Sunday is always grocery shopping day for us or should I say grocery trauma day. Neither of us likes this chore. I refuse to do it by myself and tempers flair. Today was a relatively calm shopping day as we only got a little miffed at each other and the only catastrophic event had to do with the last minute purchase of shrimp at the Farmer’s market that leaked all over my still fresh and new smelling car. While we were out today, I tried to calm myself by picking up the latest copy of Cooking Light magazine. Being the passenger, I was thumbing through it on the way home when I saw something amazing that stopped me in my tracks. Something called Cranberry-Oatmeal Bars. A local health food restaurant we frequent makes something similar out of fresh berries and it tastes like cheesecake wedged into the middle of a fruit cobbler. The restaurant version is definitely something I have been merely allowing myself only a bite of because it is fattening just to look at! So much for health food dessert! (Which is an oxymoron unto itself, isn’t it?). I mentally took a tally of the ingredients thinking back to what we had at home in our pantry and refrigerator. I was pretty sure I could make these bars without ending up at another grocery store.
Well I got home and had to start making adjustments. My boyfriend did not want this to be too sweet. He never likes to eat too much sugar so I set about deciding how best to reduce the sweetener and still have this taste yummy. I found out that I did not have enough dried cranberries but I did have plenty of dried fruit if I used both cranberries and dried cherries. I was already planning on making these even lighter than the original recipe because I had light sour cream instead of the full fat stuff but uh oh! I didn’t have enough. I decided to make up the deficit with non-fat plain yogurt.
All of the decisions on how to change up the recipe were made and then I realized that my pan was too big. I tried to use a 9” x 13” pan for an 11” x 7” pan but the bigger size coupled with the fact that I cut the sugar in half for the crust screwed things up volume wise. I had to settle on a 9” x 9” square pan. The original recipe made 24 squares mine made 9. I am wondering if they cheated in the picture in the magazine because their bars didn’t look much thinner or smaller than mine but they got a much lower point count per serving than mine did when I used the recipe builder on the Weight Watchers site. You would think that my bars were gargantuan compared to the originals but they probably aren’t. So what does that mean? I am disappointed in the fact that I could eat a light lunch for the points I used up on one of these but… they were so, so very delicious for being so low in fat and sugar that it was worth the splurge and I would gladly do it again and again and again!!!!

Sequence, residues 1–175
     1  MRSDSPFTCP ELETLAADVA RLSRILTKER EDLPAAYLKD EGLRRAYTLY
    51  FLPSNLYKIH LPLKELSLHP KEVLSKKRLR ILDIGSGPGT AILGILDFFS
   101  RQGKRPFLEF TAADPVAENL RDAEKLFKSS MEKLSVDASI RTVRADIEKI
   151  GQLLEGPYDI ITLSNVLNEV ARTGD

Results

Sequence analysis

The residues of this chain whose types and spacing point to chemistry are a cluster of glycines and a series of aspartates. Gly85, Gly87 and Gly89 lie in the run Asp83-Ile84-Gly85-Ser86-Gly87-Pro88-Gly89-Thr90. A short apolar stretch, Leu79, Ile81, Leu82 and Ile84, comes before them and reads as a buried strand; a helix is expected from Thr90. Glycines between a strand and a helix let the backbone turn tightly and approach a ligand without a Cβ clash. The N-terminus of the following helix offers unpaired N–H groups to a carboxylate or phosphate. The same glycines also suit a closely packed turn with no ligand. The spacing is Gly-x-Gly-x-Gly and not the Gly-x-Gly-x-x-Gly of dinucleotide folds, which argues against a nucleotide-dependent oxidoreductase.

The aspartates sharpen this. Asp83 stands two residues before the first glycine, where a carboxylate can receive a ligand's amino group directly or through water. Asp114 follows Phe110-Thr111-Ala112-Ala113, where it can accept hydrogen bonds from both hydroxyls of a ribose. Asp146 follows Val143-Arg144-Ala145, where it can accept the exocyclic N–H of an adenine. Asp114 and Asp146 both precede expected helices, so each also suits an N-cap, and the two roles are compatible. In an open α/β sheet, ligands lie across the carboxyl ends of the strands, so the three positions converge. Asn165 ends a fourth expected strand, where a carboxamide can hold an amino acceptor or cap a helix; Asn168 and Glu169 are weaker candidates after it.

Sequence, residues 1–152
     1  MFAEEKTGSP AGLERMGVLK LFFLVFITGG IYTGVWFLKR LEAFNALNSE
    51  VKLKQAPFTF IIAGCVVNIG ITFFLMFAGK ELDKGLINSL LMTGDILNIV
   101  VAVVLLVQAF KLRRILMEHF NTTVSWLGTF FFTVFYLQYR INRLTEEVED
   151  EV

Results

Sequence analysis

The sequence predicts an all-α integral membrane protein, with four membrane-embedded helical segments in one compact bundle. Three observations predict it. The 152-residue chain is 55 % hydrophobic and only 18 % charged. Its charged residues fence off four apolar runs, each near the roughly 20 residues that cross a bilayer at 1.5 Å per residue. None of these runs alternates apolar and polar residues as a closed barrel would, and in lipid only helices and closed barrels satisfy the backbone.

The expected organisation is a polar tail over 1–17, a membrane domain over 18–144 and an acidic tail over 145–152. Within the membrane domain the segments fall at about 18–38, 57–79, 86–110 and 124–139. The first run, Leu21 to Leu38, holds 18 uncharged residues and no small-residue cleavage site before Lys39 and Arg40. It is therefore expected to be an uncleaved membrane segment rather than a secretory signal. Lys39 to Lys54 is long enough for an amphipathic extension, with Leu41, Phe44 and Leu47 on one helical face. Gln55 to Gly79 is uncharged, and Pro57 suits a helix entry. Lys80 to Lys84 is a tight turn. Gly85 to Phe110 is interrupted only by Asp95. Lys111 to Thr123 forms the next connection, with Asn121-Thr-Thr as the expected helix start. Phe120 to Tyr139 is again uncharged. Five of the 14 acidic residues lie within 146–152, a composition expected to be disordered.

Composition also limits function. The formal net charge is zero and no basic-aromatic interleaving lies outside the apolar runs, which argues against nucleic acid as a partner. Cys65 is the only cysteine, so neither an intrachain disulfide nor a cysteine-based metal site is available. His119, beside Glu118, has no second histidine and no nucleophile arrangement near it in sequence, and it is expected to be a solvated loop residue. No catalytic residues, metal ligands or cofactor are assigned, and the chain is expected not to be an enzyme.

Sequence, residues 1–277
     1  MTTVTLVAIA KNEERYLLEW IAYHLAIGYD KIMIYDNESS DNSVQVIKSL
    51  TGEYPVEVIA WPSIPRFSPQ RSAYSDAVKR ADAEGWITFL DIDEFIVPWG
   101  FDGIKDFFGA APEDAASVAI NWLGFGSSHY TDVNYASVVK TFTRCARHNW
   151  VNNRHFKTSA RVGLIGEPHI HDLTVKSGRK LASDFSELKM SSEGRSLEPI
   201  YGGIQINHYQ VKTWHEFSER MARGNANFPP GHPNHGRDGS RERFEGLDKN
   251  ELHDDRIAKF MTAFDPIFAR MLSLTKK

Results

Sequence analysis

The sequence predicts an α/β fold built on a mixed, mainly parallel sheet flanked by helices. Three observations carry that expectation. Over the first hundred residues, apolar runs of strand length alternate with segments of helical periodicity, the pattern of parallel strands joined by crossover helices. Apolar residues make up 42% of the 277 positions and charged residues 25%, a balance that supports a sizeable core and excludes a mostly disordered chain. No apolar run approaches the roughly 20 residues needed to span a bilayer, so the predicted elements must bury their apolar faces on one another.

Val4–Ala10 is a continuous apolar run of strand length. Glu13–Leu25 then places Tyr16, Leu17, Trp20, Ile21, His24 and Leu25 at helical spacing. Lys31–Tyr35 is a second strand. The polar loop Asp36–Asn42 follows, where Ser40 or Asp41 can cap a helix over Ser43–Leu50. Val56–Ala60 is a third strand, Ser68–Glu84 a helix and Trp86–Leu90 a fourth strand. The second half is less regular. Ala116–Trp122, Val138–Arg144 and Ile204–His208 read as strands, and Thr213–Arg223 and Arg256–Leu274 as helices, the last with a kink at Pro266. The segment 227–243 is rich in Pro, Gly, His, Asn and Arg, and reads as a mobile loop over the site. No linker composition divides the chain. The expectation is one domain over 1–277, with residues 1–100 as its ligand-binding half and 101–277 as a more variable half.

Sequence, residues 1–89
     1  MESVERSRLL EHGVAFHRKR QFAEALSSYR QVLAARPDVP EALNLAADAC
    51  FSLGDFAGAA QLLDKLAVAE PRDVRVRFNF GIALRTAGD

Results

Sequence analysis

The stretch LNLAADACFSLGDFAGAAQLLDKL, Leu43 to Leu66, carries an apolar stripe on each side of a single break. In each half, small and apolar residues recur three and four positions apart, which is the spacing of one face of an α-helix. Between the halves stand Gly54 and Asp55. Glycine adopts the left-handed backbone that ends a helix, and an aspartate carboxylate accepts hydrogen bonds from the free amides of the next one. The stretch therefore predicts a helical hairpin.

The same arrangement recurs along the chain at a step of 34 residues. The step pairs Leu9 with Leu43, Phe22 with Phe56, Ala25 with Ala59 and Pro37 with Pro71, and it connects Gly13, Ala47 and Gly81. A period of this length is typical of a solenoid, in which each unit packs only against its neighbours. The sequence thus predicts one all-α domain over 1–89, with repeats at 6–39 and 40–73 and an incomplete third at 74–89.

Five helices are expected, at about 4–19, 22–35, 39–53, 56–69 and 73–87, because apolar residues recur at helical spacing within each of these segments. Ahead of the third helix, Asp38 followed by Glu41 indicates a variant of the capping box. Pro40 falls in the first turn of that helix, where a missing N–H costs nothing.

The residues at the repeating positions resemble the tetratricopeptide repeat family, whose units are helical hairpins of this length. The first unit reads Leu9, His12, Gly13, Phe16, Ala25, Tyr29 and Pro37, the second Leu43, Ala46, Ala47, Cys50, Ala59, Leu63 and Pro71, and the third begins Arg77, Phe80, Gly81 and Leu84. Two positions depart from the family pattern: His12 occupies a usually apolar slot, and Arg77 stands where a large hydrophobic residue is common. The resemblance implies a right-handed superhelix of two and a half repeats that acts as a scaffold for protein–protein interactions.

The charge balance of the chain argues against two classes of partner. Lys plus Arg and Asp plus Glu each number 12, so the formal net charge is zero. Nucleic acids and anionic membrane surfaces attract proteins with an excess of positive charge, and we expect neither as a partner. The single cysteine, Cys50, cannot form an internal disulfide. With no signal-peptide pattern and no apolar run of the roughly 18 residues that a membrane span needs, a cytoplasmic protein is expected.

Please make these. You will be very happy you did.
Cranberry-Cherry Oatmeal Bars
Adapted from the November 2008 issue of Cooking Light Magazine
1 cup whole-wheat pastry flour
1 cup rolled oats
¼ cup packed dark brown sugar
¼ tsp salt
½ tsp ground cinnamon
6 tbsp unsalted butter, melted
3 tbsp orange juice
2/3 cup dried cranberries
2/3 cup dried cherries
½ cup light sour cream
¼ cup nonfat plain yogurt
2 tbsp evaporated cane juice or granulated sugar
2 tbsp whole-wheat pastry flour
1 tsp vanilla extract
1 tsp grated orange rind
1 large egg white, lightly beaten
Preheat your oven to 325 degrees F. Coat your pan with cooking spray.
In a medium bowl, combine flour, oats, brown sugar, salt and cinnamon. Break up any chunks of brown sugar with your fingers and mix well. Combine the flour mixture with the melted butter and orange juice. Mix until it is combined and crumbly. Reserve a half-cup for the topping and then press the remaining crust into the bottom of your 9” x 9” pan.
In another bowl, mix together the dried cranberries, dried cherries, sour cream, yogurt, cane juice, flour, vanilla, orange rind and egg white until well combined. Spoon the filling over the crust in your pan. Crumble the remaining crust over the top of the filling. Bake for 40 minutes or until the edges are golden and the filling seems set. If you can stand waiting, cool these completely in the pan on a wire rack (we could not wait more than a few minutes and ate them just warm. The cookies did not seem worse for wear due to this poor treatment).